“He had thrombophlebitis,” the camerlegno said. “He took an injection once a day.”
Rocher looked flabbergasted. “But Heparin isn’t a poison. Why would the Illuminati claim—”
“Heparin is lethal in the wrong dosages,” Vittoria offered. “It’s a powerful anticoagulant. An overdose would cause massive internal bleeding and brain hemorrhages.”
Olivetti eyed her suspiciously. “How would you know that?”
“Marine biologists use it on sea mammals in captivity to prevent blood clotting from decreased activity. Animals have died from improper administration of the drug.” She paused. “A Heparin overdose in a human would cause symptoms easily mistaken for a stroke . . . especially in the absence of a proper autopsy.”
The camerlegno now looked deeply troubled.
“Signore,” Olivetti said, “this is obviously an Illuminati ploy for publicity. Someone overdosing the Pope would be impossible. Nobody had access. And even if we take the bait and try to refute their claim, how could we? Papal law prohibits autopsy. Even with an autopsy, we would learn nothing. We would find traces of Heparin in his body from his daily injections.”
“True.” The camerlegno’s voice sharpened. “And yet something else troubles me. No one on the outside knew His Holiness was taking this medication.”
There was a silence.
“If he overdosed with Heparin,” Vittoria said, “his body would show signs.”
Olivetti spun toward her. “Ms. Vetra, in case you didn’t hear me, papal autopsies are prohibited by Vatican Law. We are not about to defile His Holiness’s body by cutting him open just because an enemy makes a taunting claim!”
Vittoria felt shamed. “I was not implying . . .” She had not meant to seem disrespectful. “I certainly was not suggesting you exhume the Pope . . .” She hesitated, though. Something Robert told her in the Chigi passed like a ghost through her mind. He had mentioned that papal sarcophagi were above ground and never cemented shut, a throwback to the days of the pharaohs when sealing and burying a casket was believed to trap the deceased’s soul inside. Gravity had become the mortar of choice, with coffin lids often weighing hundreds of pounds. Technically, she realized, it would be possible to —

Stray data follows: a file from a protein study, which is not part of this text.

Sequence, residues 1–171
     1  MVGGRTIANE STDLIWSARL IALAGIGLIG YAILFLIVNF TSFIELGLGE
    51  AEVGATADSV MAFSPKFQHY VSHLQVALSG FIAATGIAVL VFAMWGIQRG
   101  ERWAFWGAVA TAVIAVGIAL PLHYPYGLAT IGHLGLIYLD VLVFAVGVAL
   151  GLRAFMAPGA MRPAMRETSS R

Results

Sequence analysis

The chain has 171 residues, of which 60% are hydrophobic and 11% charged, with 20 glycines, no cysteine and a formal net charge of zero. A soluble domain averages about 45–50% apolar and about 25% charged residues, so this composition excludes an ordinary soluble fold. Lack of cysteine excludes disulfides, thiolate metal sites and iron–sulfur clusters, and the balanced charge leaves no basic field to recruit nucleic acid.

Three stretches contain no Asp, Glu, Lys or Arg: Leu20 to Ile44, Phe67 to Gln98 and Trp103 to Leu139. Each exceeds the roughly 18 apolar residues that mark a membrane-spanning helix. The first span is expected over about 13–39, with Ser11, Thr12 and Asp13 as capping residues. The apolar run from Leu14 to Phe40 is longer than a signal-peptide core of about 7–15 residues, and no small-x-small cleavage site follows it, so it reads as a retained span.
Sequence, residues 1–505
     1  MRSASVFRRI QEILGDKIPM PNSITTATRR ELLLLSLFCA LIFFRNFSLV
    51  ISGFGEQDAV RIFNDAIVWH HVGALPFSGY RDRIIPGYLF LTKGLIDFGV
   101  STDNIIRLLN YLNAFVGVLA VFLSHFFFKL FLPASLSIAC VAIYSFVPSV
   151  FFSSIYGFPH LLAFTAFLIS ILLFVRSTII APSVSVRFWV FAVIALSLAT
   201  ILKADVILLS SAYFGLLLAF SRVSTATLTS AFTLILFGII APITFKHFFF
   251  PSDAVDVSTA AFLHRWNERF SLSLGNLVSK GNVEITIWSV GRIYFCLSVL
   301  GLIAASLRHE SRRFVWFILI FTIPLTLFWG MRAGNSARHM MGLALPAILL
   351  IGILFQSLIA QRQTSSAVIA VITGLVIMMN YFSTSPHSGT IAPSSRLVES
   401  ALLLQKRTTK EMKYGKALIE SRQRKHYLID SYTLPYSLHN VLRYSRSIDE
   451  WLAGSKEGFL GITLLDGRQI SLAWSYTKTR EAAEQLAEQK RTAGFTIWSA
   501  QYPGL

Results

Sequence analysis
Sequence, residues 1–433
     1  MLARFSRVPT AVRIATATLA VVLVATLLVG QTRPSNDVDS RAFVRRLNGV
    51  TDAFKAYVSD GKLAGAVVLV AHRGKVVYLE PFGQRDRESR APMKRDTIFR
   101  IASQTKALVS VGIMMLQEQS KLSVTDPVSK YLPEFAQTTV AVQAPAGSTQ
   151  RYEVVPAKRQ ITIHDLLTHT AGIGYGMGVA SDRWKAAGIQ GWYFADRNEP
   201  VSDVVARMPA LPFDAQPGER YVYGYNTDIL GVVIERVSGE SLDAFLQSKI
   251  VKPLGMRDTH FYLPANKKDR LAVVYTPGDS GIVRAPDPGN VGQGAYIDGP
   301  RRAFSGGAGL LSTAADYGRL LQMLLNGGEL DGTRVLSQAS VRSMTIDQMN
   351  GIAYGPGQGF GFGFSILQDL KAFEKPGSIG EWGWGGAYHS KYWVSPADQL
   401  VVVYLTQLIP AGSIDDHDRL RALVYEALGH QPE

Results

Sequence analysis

“What sort of signs?” the camerlegno said suddenly.
Vittoria felt her heart flutter with fear. “Overdoses can cause bleeding of the oral mucosa.”
“The victim’s gums would bleed. Post mortem, the blood congeals and turns the inside of the mouth black.” Vittoria had once seen a photo taken at an aquarium in London where a pair of killer whales had been mistakenly overdosed by their trainer. The whales floated lifeless in the tank, their mouths hanging open and their tongues black as soot.
The camerlegno made no reply. He turned and stared out the window.
Rocher’s voice had lost its optimism. “Signore, if this claim about poisoning is true . . .”
“It’s not true,” Olivetti declared. “Access to the Pope by an outsider is utterly impossible.”
“If this claim is true,” Rocher repeated, “and our Holy Father was poisoned, then that has profound implications for our antimatter search. The alleged assassination implies a much deeper infiltration of Vatican City than we had imagined. Searching the white zones may be inadequate. If we are compromised to such a deep extent, we may not find the canister in time.”
Olivetti leveled his captain with a cold stare. “Captain, I will tell you what is going to happen.”
“No,” the camerlegno said, turning suddenly. “I will tell you what is going to happen.” He looked directly at Olivetti. “This has gone far enough. In twenty minutes I will be making a decision whether or not to cancel conclave and evacuate Vatican City. My decision will be final. Is that clear?”
Olivetti did not blink. Nor did he respond.
The camerlegno spoke forcefully now, as though tapping a hidden reserve of power. “Captain Rocher, you will complete your search of the white zones and report directly to me when you are finished.”
Rocher nodded, throwing Olivetti an uneasy glance.
The camerlegno then singled out two guards. “I want the BBC reporter, Mr. Glick, in this office immediately. If the Illuminati have been communicating with him, he may be able to help us. Go.”
The two soldiers disappeared.
Now the camerlegno turned and addressed the remaining guards. “Gentlemen, I will not permit any more loss of life this evening. By ten o’clock you will locate the remaining two cardinals and capture the monster responsible for these murders. Do I make myself understood?”
“But, signore,” Olivetti argued, “we have no idea where—”
“Mr. Langdon is working on that. He seems capable. I have faith.”
With that, the camerlegno strode for the door, a new determination in his step. On his way out, he pointed to three guards. “You three, come with me. Now.”
The guards followed.
In the doorway, the camerlegno stopped. He turned to Vittoria. “Ms. Vetra. You too. Please come with me.”
Vittoria hesitated. “Where are we going?”
He headed out the door. “To see an old friend.”